Figure 2: Example of a local NGO campaign to assist with families during lockdown in Milan by calling on neighbours within apartment blocks to share wireless connections with those without WiFi.

These kinds of initiatives led by NGOs in Milan during quarantine were also met with programmes of ‘digital solidarity’ to assist with digital connectivity during the lockdown. Here, the Italian Ministry for Technological Innovation and Digitization partnered with private companies to offer forms of assistance to citizens such as free online newspapers, faster internet, access to online education and entertainment platforms during the lockdown. Furthermore, the Ministry of Health created a series of infographics about protocols to help prevent the spread of the Coronavirus, many of which were widely circulated via WhatsApp and Facebook.

Amid the rapid spread of both the virus and information during the pandemic, unverifiable information also spread quickly across the community, the country, and the world via memes, short videos, and text/voice messages. By March, the Italian state increased its involvement in this issue with an attempt to communicate the facts about the virus, with a significant pushback by Italian medical authorities against ‘fake health information’ that was circulating via WhatsApp. The Italian Ministry of Health soon published a list of ten particularly pertinent ‘fake news’[1] items about the Coronavirus that had been identified within the Italian social web, from the myth that drinking tap water was dangerous to health to the rumour that wearing face masks in the home would help limit contagion, to the idea that taking a hot bath would kill off the virus.

Figure 3:Screen shot of the Italian Ministry of Health website section on Coronavirus and Fake News. Image Source: http://www.salute.gov.it/portale/news/p3_2_1_1_1.jsp?lingua=italiano&menu=notizie&p=dalministero&id=4380

In a widely circulated YouTube video appeal Roberto Fumagalli, a senior Medical Director from Milan’s Niguarda hospital, pleaded to people in Milan, and to the nation, to stop circulating unverified information and gossip about Coronavirus, including a stream of official-sounding voice messages that had been sent via WhatsApp to people across Italy about what doctors are/are not doing or who they are/are not treating.

In light of false and misleading information concerning the virus, and in the context of high anxiety and stress caused by the experience of quarantine, a number of research participants in NoLo had intervened on social media, asking for people to stop sharing unverifiable facts and misinformation that were proving inflammatory and divisive – a practice of regulation and control of the social web that I had witnessed more broadly in the community in the previous two years during fieldwork in Milan.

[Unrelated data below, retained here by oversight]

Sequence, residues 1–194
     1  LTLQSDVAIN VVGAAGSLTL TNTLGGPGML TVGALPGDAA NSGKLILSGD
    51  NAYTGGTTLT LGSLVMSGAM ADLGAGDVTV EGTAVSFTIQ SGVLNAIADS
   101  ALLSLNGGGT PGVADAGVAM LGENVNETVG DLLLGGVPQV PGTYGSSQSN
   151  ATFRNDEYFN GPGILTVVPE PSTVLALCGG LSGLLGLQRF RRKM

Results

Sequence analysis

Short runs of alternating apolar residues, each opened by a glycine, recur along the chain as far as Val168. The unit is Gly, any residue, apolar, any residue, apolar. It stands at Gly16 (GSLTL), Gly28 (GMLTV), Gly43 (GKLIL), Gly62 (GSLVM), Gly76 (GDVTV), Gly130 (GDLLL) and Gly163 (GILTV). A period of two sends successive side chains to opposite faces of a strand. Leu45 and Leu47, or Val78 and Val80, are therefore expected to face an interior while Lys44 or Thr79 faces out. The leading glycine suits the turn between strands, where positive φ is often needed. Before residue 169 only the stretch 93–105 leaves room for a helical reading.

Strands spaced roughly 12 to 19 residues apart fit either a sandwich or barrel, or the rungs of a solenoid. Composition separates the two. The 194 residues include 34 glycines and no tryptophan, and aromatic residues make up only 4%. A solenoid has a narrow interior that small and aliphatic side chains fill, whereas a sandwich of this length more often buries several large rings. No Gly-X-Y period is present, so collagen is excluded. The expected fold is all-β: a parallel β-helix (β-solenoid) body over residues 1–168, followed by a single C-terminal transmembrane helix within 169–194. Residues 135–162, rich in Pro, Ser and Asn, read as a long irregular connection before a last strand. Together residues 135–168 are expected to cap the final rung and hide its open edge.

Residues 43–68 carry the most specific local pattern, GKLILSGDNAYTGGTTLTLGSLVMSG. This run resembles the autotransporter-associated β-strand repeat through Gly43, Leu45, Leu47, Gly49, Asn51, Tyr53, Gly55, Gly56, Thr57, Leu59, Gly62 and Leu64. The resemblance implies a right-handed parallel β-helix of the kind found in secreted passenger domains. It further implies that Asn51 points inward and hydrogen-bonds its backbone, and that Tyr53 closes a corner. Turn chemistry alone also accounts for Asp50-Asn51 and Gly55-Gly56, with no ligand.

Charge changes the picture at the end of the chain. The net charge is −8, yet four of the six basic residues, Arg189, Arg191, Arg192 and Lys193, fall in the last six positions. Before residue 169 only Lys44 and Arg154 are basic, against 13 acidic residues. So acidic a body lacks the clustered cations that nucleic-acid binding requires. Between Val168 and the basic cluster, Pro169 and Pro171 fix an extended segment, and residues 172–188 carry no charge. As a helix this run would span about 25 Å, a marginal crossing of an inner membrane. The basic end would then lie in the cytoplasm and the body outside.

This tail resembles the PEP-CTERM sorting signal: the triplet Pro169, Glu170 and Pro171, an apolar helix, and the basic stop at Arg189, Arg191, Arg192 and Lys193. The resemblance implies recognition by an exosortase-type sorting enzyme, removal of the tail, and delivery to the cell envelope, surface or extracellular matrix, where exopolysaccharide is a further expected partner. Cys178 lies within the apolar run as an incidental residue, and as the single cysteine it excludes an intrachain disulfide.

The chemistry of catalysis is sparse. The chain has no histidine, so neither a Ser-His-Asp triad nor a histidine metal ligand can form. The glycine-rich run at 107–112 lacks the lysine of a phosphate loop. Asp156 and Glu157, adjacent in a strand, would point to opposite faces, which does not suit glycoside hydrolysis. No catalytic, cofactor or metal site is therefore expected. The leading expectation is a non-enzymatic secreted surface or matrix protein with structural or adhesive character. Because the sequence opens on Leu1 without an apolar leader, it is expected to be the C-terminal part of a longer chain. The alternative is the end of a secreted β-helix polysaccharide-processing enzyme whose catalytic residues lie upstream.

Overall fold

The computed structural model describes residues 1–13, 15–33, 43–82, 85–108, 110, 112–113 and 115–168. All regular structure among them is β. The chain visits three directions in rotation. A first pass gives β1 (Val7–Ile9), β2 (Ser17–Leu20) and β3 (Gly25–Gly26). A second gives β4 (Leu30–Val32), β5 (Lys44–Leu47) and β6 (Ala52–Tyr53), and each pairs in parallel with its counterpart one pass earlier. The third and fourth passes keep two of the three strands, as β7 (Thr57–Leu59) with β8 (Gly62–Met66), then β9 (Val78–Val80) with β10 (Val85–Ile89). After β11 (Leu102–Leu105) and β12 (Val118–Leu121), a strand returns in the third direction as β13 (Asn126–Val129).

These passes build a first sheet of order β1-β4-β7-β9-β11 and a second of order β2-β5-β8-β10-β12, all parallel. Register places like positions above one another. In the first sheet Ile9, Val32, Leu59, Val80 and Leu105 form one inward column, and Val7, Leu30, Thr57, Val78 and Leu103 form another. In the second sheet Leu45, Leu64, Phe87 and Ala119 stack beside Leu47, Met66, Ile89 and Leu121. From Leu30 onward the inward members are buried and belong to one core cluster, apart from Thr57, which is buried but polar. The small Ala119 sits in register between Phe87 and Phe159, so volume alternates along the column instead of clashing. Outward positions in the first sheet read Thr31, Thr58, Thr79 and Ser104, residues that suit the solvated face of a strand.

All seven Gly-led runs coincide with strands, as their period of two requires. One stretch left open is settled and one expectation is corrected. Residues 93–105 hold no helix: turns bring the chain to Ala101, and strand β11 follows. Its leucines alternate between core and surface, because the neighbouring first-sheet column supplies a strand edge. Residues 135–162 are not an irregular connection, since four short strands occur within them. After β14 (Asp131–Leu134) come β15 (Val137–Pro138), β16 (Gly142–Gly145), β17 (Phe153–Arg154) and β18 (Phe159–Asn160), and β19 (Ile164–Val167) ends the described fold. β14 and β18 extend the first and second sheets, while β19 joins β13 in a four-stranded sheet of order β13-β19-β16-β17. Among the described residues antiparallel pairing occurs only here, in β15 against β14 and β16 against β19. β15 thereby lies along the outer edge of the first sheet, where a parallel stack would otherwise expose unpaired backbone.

Figure 4: Daily news and chats in Milan. Photo taken by author.

The spread of misinformation, or unverified or false information via smartphones and social media remains a significant part of public conversation in Italy, as in other parts of the world. This issue is particularly seen to affect older populations and is a priority concern and main point of focus within ageing policy discussions, with the assumption that older people are particularly vulnerable to ‘fake news’.

Figure 5: ‘Anziani e Fake News’ (Elders and Fake News). Advert for a discussion event on ‘information and disinformation in the era of social media’) organised by AUSER, a main nation-wide ageing NGO in Italy. https://www.auser.it/comunicati-stampa/anziani-e-fake-news-come-non-cadere-negli-inganni/

My broader research encountered concerns amongst middle-aged and older adults about the role of smartphones in spreading unverified information quickly and easily in today’s world, while a number of research participants also recognised that dis/mis information[2] also has historical roots, reflecting uses of sectors of the media and television to misinform and/or mislead, citing examples from the media and television era of Berlusconi in the 1980s to the propaganda of the fascist era in the 1930s, which many of them and/or their parents had also lived through.

Overall, the multifaceted and deep-rooted issue of contemporary information and mis/dis-information in Milan, amidst and beyond the pandemic, highlights a range of contemporary tensions and paradoxes concerning social and public life within the present information age, which smartphones – as products of, and companions to the current age ­– are complexly implicated in.

 

[1] ‘Fake news’ is a significant feature of media coverage and popular conversation in Italy. The Collins English Dictionary defines fake news as the ‘false, often sensational, information disseminated under the guise of news reporting’: https://www.collinsdictionary.com/dictionary/english/fake-news

[2] The distinction between misinformation and disinformation has been defined in terms of intentionality. The former describes the sharing of information regardless of intention, while the latter involves the intention to mislead, misinform and/or manipulate. See: https://www.dictionary.com/e/misinformation-vs-disinformation-get-informed-on-the-difference/ and https://en.unesco.org/fightfakenews